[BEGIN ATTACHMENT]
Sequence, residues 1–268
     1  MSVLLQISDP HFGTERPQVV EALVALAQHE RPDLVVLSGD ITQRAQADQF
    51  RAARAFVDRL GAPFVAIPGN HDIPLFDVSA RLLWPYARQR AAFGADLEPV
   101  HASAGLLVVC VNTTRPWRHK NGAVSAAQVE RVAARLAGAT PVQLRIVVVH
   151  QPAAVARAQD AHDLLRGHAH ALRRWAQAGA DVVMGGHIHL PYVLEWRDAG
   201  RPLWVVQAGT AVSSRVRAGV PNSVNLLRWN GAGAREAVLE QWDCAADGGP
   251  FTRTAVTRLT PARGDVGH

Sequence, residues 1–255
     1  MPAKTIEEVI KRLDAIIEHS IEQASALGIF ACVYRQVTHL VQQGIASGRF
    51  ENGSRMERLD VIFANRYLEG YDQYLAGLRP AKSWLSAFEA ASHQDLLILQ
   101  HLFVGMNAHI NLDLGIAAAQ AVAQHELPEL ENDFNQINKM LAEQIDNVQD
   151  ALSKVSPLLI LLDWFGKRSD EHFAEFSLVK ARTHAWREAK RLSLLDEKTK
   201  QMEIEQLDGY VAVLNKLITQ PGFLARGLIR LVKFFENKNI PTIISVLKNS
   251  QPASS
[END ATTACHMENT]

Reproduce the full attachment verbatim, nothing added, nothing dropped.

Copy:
Sequence, residues 1–268
     1  MSVLLQISDP HFGTERPQVV EALVALAQHE RPDLVVLSGD ITQRAQADQF
    51  RAARAFVDRL GAPFVAIPGN HDIPLFDVSA RLLWPYARQR AAFGADLEPV
   101  HASAGLLVVC VNTTRPWRHK NGAVSAAQVE RVAARLAGAT PVQLRIVVVH
   151  QPAAVARAQD AHDLLRGHAH ALRRWAQAGA DVVMGGHIHL PYVLEWRDAG
   201  RPLWVVQAGT AVSSRVRAGV PNSVNLLRWN GAGAREAVLE QWDCAADGGP
   251  FTRTAVTRLT PARGDVGH

Sequence, residues 1–255
     1  MPAKTIEEVI KRLDAIIEHS IEQASALGIF ACVYRQVTHL VQQGIASGRF
    51  ENGSRMERLD VIFANRYLEG YDQYLAGLRP AKSWLSAFEA ASHQDLLILQ
   101  HLFVGMNAHI NLDLGIAAAQ AVAQHELPEL ENDFNQINKM LAEQIDNVQD
   151  ALSKVSPLLI LLDWFGKRSD EHFAEFSLVK ARTHAWREAK RLSLLDEKTK
   201  QMEIEQLDGY VAVLNKLITQ PGFLARGLIR LVKFFENKNI PTIISVLKNS
   251  QPASS